Mild facelift and a powerful diesel give blue oval star a new lease of life
The Ford Mondeo has been a mainstay for British car buyers since 1993. It is a fleet and family favourite thanks to its blend of sharp driving dynamics, practicality and neat styling.
The current model arrived in 2007 and has aged well, so the latest changes have been kept to a minimum – on the outside, at least. Compare old with new and you’ll notice a fresh grille and front bumper, LED lights, a redesigned tailgate and minor trim changes.
Video: watch CarBuyer's video review of the Ford Mondeo
It’s the front that shows the most dramatic difference, with daytime running lights set into the redesigned bumper and a reprofiled bonnet. The rear isn’t quite as appealing, because the high-set tailgate can look a little tall and stunted. Still, the chrome finish to the twin exhaust pipes adds a sporty feel to the diesel flagship. So too do the sharp-looking 18-inch alloy wheels fitted to our test model.
Buyers expecting a massive change to the interior will be disappointed, as the revisions have concentrated on improving the existing layout. Fresh graphics have been applied to the instruments, LED cabin lighting now features, and standard kit has been boosted to keep up with rivals.
The overall atmosphere has improved, and the Ford can now be regarded in the same league as the elegant and sophisticated Skoda.
However, there are some cheaper plastics on show if you look for them – namely the window switches and the lower sections of the doors and dashboard. Even so, it still ranks ahead of the more basic Mazda.
Plenty of adjustment to the wheel and seat means the driving position is good, but the chair lacks support and doesn’t sit as low or feel as sporty as the Mazda’s. However, gadget lovers will appreciate the wide array of features on the revised Ford. Lane Departure Warning, Driver Alert and Auto High Beam systems are all now available.
The former uses a forward-facing camera to monitor the road and send a vibration through the wheel if you stray from the designated lane. It worked well on the motorway, but we disabled it on back roads because it proved over-sensitive to the twisting white lines. In the back, the Ford can’t match the Skoda in terms of legroom, but there’s more space than in the Mazda, and the rear seats are comfortable, even for adults.
The big news is the engine, though. Headline figures of 197bhp and 450Nm are 27bhp and 100Nm more than the Skoda. It all adds up to excellent pace, with the 0-60mph sprint dispatched in 8.6 seconds. In-gear and 30-70mph times are similarly impressive.
However, the figures don’t tell the whole story. And while peak torque is on tap from as little as 1,750rpm, it starts to tail off by 3,000rpm – making for a very narrow power band. The result is a lot of gearchanging, something you’re not forced to do in the Superb. The Ford’s Duratorq unit can’t match the refinement provided by the Skoda’s 2.0-litre TDI, either.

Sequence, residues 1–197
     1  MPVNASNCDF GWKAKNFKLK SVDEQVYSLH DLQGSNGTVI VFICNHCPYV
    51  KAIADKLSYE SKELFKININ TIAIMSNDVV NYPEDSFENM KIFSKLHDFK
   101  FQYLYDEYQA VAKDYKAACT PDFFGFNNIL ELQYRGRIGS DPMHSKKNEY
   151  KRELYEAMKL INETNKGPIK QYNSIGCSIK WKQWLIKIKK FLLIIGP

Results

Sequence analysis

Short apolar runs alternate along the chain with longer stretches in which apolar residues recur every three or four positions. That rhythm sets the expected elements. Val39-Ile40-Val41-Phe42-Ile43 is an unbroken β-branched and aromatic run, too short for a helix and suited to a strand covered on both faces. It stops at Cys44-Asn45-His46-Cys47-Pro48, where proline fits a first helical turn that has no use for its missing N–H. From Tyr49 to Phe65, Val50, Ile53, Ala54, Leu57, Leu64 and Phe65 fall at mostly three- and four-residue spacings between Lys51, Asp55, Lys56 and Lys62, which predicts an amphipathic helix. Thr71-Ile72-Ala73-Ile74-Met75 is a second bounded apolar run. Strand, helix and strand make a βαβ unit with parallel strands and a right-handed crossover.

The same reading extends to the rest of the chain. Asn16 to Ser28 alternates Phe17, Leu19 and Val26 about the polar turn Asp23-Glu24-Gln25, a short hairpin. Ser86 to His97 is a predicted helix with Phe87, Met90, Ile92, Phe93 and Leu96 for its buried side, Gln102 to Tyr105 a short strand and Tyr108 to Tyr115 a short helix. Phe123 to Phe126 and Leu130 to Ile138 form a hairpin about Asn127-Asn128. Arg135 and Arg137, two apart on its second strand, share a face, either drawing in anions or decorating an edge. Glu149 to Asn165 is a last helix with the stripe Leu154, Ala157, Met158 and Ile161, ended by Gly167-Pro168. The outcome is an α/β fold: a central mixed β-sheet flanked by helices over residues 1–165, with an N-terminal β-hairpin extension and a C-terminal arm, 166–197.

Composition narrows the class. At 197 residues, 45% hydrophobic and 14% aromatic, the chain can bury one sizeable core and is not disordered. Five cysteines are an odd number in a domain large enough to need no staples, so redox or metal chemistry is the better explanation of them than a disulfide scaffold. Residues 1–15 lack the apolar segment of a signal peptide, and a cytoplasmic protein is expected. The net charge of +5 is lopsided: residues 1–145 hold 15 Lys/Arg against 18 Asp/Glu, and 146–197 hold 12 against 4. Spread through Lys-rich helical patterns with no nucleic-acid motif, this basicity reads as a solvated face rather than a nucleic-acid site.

The Mondeo picks up marks where you would expect. Its six-speed manual gearbox is slick-shifting and combines with the positive brakes to ensure an involving drive. In fact, on twisting roads you can throw the hatchback around as if it was a much smaller car.
Our test model was fitted with adaptive damping, which allows you to tailor the ride quality using Sport, Comfort and Normal modes.
We found the best compromise was leaving it in the latter, where it struck the right balance between the softer Superb and firmer Mazda. That helped the Ford’s performance on twisting roads. With the least body roll on test and wonderfully communicative and weighted steering, it really inspired confidence.
Due to our short time with the Ford, we were unable to run a representative fuel economy test, but the Mondeo’s combined claim is the worst of our trio, at 47.0mpg. CO2 emissions prove to be similarly uninspiring, and its output of 159g/km puts the most powerful diesel on test in the highest tax bracket of our trio, with an annual liability of £155.
With inspiring dynamics, a spacious and high-quality interior, as well as strong performance, the Mondeo puts in a thoroughly impressive showing. But will it be enough to put the Ford back at the top of the large family car class?
Chart position: 3WHY: Every new Ford Mondeo has big boots to fill. James Bond gave the latest car its original debut, so does this mid-life facelift provide it with a licence to thrill?
In this review
- 1IntroductionFord’s new Mondeo aims to appeal to fleets and families alike. We see if it can beat two key rivals
- 21st Skoda SuperbAward-winning hatchback’s high standards make it a tough rival to beat
- 32nd Mazda 6Dramatic looks give it a visual edge – but can the Japanese car keep up on the road?
- 43rd Ford Mondeo - currently readingMild facelift and a powerful diesel give blue oval star a new lease of life
- 5Facts and figures